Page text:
3.1. Stream Function

We define the stream function Ψ at P R 2 according to (9) as
Ψ ( P ) = 0 2 π A ( P ) h ( | | P Q | | ) f ( R ϕ ( P Q ) L ( d ϕ d Q ) ,
where L is a homogeneous Lévy basis on the torus [ 0 , 2 π ] × R 2 . We choose L such that the spot variable L has zero mean, κ 1 = E { L } = 0 , and a non-zero third-order moment, κ 3 = E { L 3 } 0 . The ambit set A ( P ) = P + A is a disc with a center P and a fixed radius r, independent of P. We assume that h f is absolutely-integrable and square-integrable over A. R ϕ denotes the two-dimensional (clockwise) rotation matrix.
To ensure Ψ being twice differentiable it is moreover assumed that f and h are differentiable [14] with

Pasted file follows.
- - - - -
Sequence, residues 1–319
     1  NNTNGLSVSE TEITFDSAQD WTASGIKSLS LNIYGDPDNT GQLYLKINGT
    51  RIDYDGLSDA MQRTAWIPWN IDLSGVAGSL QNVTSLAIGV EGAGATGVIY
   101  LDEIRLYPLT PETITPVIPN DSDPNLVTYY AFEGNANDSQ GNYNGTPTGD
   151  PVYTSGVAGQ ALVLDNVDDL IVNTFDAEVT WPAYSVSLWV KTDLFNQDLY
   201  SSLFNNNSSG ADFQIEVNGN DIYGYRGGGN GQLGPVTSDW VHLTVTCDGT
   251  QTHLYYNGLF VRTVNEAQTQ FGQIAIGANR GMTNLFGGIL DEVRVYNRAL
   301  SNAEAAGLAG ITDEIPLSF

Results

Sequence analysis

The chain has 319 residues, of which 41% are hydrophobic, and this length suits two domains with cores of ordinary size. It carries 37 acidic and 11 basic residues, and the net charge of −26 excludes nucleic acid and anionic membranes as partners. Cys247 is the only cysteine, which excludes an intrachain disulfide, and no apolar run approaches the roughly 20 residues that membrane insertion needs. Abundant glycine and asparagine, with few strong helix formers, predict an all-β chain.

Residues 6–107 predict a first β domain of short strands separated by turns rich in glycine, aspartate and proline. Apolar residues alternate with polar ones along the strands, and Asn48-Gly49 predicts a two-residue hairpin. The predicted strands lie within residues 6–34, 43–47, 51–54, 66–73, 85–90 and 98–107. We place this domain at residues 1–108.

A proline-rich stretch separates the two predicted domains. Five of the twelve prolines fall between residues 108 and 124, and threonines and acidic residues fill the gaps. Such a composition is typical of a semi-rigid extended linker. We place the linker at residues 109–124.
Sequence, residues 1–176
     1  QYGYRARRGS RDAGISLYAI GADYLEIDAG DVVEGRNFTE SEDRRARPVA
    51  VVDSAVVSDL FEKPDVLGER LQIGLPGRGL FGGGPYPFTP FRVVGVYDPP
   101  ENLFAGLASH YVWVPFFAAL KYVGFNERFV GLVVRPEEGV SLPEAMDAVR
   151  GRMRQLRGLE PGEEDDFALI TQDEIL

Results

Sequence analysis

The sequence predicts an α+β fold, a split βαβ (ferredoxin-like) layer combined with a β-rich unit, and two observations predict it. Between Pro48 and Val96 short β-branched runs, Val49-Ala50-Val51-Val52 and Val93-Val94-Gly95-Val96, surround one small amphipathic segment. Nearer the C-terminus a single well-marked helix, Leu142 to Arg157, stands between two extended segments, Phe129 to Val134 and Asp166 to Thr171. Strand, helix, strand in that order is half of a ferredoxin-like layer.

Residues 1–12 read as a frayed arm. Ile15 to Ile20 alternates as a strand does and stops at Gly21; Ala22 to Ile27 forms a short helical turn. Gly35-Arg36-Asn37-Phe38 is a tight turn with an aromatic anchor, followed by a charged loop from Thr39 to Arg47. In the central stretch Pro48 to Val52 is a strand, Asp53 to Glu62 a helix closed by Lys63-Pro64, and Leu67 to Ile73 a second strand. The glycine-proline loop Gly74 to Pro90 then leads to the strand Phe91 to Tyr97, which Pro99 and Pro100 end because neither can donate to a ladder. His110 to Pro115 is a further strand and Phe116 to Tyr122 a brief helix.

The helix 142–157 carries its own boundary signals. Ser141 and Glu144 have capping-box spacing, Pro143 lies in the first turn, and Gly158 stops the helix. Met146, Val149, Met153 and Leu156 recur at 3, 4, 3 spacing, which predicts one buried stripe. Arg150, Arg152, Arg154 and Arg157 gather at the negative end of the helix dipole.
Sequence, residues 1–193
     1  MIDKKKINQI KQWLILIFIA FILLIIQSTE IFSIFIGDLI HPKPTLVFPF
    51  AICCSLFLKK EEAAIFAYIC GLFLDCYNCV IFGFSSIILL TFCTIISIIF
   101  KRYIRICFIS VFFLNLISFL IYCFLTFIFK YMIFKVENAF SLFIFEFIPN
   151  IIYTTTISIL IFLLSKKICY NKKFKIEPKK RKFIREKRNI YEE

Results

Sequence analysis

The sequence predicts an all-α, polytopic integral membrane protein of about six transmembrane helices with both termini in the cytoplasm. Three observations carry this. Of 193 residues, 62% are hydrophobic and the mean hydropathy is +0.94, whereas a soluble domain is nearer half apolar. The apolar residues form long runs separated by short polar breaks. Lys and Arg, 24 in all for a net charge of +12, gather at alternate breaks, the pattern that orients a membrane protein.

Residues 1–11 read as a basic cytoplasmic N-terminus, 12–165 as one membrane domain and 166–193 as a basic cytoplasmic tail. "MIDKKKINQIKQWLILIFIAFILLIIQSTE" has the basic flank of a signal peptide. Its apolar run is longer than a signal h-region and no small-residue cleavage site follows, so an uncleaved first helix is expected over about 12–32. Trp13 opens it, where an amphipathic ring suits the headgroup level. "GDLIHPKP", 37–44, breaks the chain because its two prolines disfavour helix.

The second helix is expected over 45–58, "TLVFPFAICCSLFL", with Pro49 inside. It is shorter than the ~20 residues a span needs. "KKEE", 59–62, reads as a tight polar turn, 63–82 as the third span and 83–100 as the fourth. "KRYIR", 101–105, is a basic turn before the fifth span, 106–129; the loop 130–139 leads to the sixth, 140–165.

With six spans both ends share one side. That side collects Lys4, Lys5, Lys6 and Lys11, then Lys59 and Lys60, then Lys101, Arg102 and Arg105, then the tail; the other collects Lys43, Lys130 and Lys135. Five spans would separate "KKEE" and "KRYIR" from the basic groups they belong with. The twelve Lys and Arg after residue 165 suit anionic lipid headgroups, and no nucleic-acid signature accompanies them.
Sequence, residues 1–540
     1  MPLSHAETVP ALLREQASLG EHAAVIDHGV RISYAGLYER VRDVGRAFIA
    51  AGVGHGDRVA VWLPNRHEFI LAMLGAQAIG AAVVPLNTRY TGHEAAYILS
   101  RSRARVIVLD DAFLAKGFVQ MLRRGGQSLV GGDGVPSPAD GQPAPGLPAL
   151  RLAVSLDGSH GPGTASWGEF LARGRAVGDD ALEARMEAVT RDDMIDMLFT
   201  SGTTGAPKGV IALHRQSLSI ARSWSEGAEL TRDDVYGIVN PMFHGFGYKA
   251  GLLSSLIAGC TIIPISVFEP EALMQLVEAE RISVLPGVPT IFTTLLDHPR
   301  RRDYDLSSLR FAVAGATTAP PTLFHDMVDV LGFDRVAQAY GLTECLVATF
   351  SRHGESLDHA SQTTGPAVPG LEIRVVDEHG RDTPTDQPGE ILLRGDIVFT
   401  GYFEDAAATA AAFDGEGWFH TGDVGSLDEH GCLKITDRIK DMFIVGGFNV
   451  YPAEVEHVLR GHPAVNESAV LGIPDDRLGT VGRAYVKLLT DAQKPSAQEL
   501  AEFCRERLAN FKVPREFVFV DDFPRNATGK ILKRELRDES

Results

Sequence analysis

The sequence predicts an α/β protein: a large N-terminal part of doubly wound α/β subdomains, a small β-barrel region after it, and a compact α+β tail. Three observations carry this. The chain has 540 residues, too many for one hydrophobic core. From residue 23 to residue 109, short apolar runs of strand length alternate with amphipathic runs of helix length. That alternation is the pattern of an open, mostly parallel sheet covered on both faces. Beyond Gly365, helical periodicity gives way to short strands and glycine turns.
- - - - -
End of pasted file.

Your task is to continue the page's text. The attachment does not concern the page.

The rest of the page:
h ( r ) = h ( r ) = 0 .
The model (10) is composed of an homogeneous Lévy basis and the integrand only depends on P Q , which implies that Ψ is homogeneous. Moreover, the circular shape of the ambit set A together with the specific form of the deterministic kernel h f implies that Ψ and the resulting model for the derived vector field v is isotropic. To construct the vector field, a certain fixed Cartesian coordinate system will be chosen. However, this does not destroy homogeneity and isotropy, since we have a uniform average over all directions ϕ in (10). These symmetry properties, homogeneity and isotropy, are independent of the choice of the deterministic kernels h and f. It remains to choose these kernels such that the resulting model for the vector field incorporates non-zero skewness of projected increments, i.e., it is not parity invariant.

3.2. Vector Field

Choosing a fixed Cartesian coordinate system, we set P = ( p 1 , p 2 ) , and denote the components of the vector field v as
v ( P ) = ( u ( P ) , w ( P ) ) .